When I'm asked "what podcasts do you listen to?", after an uncomfortable pause I'm forced to answer that "I usually don't". The full explanation is almost always too long for a brief friendly chat, but I did manage to articulate it to friends a couple of times in recent history; I think it's time to put it down in writing.

Generally speaking, I prefer Slow Media, and the slower the better. This means I'd rather read books than articles, blog posts and video talks; I'd rather listen to audiobooks than to podcasts. The same applies further down the scale; I prefer articles and blog posts to social media, and if I do listen to a podcast I favor the long-form ones.

Why? Wouldn't one learn more by spending 10 hours listening to 10-20 podcasts on different topics than by spending the same time on a single book?

While this question is phrased in a suggestive way, I posit that the answer - at least for me - is actually NO, at least when viewed strategically rather than tactically.

Consuming information is a marathon, not a sprint. It's not the case that I have 10 hours allocated in my life to consume information and I have to be as efficient as possible; the truth is that over the years, I have many thousands of hours. While it may appear that given 10 hours listening to the more condensed podcast format is more efficient, the same is absolutely not apparent if the decision is between 1000 books and 15,000 podcast episodes.

Suppose I'm interested in 20 different topics. I could read two books on each topic - 40 books in total; at my current pace of reading this would probably take a bit less than a year. Alternatively, I could spend these ~400 hours listening to podcasts and/or reading articles on the same 20 topics. It's slicing the same cake of time, just along different axes. One could claim that with articles and podcasts you could learn about more than 20 topics in a given year, but do you really want to? I'd say even 20 is a stretch, at least if by "learn" you mean at least some minimal depth.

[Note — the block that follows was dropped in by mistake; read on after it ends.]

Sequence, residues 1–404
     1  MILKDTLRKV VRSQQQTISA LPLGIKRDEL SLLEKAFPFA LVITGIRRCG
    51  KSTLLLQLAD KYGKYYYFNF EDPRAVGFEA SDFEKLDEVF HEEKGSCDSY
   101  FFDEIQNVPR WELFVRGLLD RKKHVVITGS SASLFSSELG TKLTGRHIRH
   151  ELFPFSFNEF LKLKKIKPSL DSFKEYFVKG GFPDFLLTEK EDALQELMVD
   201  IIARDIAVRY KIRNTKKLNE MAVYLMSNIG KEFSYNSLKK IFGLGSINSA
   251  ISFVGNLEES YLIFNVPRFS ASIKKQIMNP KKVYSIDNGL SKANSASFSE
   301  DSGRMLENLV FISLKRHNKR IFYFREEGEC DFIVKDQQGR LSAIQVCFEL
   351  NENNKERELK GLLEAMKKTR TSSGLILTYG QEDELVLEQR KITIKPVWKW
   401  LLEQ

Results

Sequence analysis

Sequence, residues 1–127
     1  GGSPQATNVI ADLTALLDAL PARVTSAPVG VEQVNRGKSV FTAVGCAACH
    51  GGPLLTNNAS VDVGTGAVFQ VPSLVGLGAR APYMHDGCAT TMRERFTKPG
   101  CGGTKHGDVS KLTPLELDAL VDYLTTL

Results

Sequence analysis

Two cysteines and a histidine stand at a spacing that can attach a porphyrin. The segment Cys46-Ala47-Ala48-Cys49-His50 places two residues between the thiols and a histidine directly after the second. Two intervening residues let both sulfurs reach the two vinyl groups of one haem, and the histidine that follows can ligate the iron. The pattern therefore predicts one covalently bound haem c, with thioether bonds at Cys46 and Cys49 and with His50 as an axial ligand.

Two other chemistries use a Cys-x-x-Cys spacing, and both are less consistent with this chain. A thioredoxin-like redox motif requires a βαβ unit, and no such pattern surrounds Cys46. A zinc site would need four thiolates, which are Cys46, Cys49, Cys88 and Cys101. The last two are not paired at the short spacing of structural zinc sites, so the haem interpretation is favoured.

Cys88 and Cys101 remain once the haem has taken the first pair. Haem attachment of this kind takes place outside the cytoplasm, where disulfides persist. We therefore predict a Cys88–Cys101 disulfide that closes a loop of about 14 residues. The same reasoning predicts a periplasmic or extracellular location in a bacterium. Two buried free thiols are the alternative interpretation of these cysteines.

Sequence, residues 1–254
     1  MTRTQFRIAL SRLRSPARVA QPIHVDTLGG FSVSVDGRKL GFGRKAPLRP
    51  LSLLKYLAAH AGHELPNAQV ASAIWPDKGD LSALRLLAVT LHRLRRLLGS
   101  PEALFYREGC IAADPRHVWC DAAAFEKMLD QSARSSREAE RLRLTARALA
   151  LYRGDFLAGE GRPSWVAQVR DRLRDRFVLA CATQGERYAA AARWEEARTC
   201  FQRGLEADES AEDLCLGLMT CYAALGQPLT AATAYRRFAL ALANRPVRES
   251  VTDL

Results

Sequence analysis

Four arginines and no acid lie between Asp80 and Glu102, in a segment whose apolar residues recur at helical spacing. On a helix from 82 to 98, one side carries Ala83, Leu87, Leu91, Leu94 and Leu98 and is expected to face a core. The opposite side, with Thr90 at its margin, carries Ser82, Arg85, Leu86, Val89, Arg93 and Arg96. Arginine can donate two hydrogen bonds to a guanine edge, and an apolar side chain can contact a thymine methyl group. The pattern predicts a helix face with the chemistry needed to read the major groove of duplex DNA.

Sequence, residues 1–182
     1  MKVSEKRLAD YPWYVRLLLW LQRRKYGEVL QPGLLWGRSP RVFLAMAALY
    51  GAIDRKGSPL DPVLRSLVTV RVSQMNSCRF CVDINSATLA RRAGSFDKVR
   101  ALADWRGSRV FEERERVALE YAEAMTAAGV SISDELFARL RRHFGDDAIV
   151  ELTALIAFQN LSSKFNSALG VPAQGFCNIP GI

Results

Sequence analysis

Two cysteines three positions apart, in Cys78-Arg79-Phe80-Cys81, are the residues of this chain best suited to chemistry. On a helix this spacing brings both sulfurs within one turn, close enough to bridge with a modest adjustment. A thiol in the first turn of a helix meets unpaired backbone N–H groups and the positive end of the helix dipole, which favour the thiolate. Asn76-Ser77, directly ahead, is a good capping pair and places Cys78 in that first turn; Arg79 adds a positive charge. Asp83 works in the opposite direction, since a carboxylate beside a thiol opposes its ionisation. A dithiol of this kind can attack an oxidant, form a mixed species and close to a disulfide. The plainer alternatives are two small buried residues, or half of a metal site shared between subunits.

In programming terms, it's a bit like using DFS vs. BFS to explore the same knowledge graph.

If the actual information intake is similar with the two approaches over a long time period, why prefer one over the other? This is where the quality and depth of information comes in. Books typically win on depth, since authors have put much more effort into researching and writing them than is put into podcasts or articles. Books also win on quality because they are easier to vet; when I plan to spend 10 hours on reading a book, I can afford spending 15 minutes on researching which book to read, looking at reviews, looking at samples, etc. When one plans to spend 45 minutes on a podcast episode, any non-trivial investment into research seems wasteful.

I'll end this post with a few disclaimers: none of this is a rigid rule. I do listen to podcasts every once in a while, and I do read articles and blogs posts. Some of them are of a very high quality and informational value. I'll also note that some podcasts are packaged in well-researched and in-depth series, which makes them very similar to books at this point. I'm not dogmatic about these things; just stating my preferences.